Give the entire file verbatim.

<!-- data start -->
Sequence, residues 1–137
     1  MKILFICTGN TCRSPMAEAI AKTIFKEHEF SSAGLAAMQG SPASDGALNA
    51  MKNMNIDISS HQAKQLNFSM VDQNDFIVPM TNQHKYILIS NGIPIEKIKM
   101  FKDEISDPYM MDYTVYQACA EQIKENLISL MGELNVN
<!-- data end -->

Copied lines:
Sequence, residues 1–137
     1  MKILFICTGN TCRSPMAEAI AKTIFKEHEF SSAGLAAMQG SPASDGALNA
    51  MKNMNIDISS HQAKQLNFSM VDQNDFIVPM TNQHKYILIS NGIPIEKIKM
   101  FKDEISDPYM MDYTVYQACA EQIKENLISL MGELNVN